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EnglishEdit

PronunciationEdit

AdverbEdit

orfen (comparative more orfen, superlative most orfen)

  1. (Britain, dated) Eye dialect spelling of often, representing Britain English.
    • 1876, LADY BARKER, EDITOR, evening hours
      Sometimes they sets theirselves alight, but not orfen, for it aint much o' a fire aunt leaves in.
    • 1887, The English illustrated magazine [ed. by J. W. C. Carr].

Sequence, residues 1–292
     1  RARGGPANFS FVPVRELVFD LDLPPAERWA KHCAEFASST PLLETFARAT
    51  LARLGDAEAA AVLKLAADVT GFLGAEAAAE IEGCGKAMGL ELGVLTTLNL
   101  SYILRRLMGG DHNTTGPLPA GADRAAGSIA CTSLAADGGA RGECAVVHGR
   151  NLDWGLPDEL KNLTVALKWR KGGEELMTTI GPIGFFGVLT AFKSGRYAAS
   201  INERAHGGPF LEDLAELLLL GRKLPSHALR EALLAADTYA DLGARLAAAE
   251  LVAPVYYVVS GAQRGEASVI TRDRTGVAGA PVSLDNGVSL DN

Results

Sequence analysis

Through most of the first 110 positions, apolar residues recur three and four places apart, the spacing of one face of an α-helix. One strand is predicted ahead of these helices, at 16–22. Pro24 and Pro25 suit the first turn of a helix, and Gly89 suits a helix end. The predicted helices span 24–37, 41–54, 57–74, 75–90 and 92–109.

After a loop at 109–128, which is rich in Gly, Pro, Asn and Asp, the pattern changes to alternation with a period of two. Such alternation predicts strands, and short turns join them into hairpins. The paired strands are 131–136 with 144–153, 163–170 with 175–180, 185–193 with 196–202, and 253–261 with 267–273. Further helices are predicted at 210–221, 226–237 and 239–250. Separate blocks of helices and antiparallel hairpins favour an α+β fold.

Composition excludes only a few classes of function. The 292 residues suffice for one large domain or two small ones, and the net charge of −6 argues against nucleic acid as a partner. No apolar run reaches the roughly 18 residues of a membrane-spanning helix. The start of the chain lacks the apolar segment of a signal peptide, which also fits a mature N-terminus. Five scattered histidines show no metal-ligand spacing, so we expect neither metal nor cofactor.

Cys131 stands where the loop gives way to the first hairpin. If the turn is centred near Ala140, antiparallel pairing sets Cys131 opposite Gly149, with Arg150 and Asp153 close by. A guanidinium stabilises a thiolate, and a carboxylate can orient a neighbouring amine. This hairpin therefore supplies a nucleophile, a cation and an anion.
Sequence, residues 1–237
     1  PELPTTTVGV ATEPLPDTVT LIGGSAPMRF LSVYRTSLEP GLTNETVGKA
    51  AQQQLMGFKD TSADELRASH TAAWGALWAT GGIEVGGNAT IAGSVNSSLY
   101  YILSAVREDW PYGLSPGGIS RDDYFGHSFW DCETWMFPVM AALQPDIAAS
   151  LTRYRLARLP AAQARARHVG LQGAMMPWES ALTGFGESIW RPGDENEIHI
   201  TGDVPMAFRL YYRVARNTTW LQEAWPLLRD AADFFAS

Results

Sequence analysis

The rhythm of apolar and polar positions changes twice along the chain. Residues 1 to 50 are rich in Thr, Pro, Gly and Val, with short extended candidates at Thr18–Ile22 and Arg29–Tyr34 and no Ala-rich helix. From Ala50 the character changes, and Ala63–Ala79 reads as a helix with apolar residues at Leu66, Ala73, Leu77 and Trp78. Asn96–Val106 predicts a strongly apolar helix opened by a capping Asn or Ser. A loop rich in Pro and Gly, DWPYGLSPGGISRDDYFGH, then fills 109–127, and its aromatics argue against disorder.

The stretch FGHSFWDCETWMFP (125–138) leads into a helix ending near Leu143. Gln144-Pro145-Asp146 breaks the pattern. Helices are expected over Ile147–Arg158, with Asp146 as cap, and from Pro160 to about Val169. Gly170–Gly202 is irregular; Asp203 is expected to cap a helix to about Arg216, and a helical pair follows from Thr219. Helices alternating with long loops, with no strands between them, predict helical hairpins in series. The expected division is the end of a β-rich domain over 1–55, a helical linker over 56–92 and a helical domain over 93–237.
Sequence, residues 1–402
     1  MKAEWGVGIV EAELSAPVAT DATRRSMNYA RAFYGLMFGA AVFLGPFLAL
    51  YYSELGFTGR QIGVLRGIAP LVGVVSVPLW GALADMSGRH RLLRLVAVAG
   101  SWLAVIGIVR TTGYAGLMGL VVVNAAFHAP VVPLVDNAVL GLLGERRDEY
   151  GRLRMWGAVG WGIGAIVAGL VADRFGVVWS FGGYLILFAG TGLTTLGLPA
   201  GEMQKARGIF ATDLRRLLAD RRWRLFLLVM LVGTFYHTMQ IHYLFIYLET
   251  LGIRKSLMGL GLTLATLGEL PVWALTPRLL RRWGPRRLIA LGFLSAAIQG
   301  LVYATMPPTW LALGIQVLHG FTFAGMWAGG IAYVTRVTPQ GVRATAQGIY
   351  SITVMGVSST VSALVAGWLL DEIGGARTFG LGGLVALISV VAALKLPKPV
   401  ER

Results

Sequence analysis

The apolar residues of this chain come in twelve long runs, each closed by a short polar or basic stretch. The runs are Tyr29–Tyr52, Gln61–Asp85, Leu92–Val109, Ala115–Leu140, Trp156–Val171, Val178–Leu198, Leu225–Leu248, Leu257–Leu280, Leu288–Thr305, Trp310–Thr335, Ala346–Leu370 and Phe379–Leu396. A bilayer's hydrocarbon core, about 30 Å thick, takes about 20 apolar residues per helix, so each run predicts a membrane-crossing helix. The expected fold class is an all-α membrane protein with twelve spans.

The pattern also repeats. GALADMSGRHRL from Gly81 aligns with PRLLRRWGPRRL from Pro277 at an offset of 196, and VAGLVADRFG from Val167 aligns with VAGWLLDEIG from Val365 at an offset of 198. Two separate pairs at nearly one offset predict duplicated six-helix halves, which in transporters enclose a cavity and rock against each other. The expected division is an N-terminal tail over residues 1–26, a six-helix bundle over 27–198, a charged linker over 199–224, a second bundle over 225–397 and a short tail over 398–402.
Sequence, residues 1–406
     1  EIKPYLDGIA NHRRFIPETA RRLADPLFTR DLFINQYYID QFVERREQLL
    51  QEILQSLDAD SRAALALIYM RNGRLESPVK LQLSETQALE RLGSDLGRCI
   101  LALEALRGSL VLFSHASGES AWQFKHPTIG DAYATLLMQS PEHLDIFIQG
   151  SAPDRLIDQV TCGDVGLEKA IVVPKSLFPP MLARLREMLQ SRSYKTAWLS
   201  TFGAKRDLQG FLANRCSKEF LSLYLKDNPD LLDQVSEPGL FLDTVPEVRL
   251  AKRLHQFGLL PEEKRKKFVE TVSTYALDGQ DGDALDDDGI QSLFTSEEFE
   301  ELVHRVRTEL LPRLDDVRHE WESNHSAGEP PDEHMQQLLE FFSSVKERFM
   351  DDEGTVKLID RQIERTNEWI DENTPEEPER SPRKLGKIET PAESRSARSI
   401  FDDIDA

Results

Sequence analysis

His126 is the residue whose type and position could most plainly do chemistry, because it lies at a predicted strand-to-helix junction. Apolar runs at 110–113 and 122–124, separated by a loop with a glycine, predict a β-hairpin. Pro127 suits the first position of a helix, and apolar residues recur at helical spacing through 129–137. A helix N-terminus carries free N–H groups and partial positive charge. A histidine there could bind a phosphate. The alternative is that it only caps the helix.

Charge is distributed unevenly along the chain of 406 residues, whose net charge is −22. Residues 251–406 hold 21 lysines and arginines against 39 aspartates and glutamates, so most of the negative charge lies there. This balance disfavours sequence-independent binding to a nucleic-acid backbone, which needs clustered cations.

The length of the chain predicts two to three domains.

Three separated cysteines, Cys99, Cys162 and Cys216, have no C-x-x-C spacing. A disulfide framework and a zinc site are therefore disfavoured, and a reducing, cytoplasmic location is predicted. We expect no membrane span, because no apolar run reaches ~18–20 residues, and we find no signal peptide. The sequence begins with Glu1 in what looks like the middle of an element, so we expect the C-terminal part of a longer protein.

Jack's uncommon fond o' theayters, and singing and acting and such like, and as he can't very orfen get the money to pay for 'arf-price in the gallery he follers about all the people as performs in the streets, sometimes for hours an' hours together.
    • 1903, The Royal Magazine
      He's rarther an ass, but not a bad chap reely, he gives us tips sumtimes but not orfen enuff.

Usage notesEdit

/ɔːfən/ was formerly a common pronunciation of often in many British dialects – the homophony with orphan is exploited as a pun in The Pirates of Penzance, for example. This pronunciation is now largely obsolete and remains only in occasional use by older Received Pronunciation speakers.[1]

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